There is a 99.9999999999999999999% chance that the sun won't release any light, but beacuse of that 0.000000000000000001% chance that one of the photons will quantum tunnel through and start shooting towards the earth, viola! the sun releases light and is very bright. That gives you an idea on how even with a small probability of 0.00000000000000001% things we view as normal still tend to happen, like the sun releasing light when from a classical physics perspective it should not. That is my point that nothing is 100% certain, it's determined by the quantum probability cloud of the particles and waves in question.

Soooo, the upper limit of dentists is theoreticaly 5.99999999999/6 agreeing on trident being the best gum, is my point.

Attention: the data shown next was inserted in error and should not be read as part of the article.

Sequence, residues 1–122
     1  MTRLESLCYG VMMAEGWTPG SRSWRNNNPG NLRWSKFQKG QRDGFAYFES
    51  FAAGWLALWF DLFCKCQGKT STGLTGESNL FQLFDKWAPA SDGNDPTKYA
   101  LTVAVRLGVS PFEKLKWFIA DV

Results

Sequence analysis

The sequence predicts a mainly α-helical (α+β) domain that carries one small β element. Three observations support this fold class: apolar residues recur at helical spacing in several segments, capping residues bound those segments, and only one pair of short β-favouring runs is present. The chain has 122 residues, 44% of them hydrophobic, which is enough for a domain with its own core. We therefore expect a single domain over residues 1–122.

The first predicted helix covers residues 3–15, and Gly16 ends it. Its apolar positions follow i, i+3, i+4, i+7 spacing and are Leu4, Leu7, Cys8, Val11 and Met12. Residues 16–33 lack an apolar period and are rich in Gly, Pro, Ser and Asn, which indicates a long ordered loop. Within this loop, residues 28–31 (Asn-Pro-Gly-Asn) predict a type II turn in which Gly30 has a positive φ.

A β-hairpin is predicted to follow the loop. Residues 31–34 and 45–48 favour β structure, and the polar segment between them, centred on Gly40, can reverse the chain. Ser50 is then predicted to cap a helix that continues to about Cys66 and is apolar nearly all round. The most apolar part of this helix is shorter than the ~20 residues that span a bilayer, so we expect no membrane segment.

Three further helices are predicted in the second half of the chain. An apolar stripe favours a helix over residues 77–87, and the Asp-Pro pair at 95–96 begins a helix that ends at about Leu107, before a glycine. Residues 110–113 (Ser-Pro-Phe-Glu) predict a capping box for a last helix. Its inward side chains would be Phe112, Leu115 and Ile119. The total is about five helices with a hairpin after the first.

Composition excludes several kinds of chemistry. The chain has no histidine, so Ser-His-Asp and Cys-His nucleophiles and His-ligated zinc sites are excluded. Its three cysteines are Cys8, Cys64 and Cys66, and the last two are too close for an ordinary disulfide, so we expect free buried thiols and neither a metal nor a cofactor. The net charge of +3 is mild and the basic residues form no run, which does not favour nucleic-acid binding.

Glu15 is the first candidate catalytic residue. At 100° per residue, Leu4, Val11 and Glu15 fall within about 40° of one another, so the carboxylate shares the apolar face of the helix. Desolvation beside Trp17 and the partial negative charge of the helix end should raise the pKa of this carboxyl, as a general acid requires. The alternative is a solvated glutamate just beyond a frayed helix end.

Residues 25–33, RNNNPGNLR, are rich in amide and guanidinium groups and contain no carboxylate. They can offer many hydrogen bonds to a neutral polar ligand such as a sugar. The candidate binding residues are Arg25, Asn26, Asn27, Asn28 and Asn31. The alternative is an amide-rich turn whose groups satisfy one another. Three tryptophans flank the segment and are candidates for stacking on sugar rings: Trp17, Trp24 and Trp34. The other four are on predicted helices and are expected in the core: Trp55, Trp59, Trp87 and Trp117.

But that would be silly to print on a gum package.



posted on Jul, 15 2009 @ 04:41 PM
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Very interesting conversation to say the least but that wasn't exactly what
I was getting at the idea that those that dissent can help provide a chance to possibily view the "big picture" on something. Not just our own limited viewpoints.
Well, more or less.

[edit on 15-7-2009 by Watcher-In-The-Shadows]



posted on Jul, 16 2009 @ 10:40 AM
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Originally posted by Watcher-In-The-Shadows
Very interesting conversation to say the least but that wasn't exactly what
I was getting at the idea that those that dissent can help provide a chance to possibily view the "big picture" on something. Not just our own limited viewpoints.
Well, more or less.

[edit on 15-7-2009 by Watcher-In-The-Shadows]


That's what I'm trying to explain, those who dissent, say the 5% out of 95% total, show the outrt limits of a quantum probability cloud, and thus, the "big picture" of all possible outcomes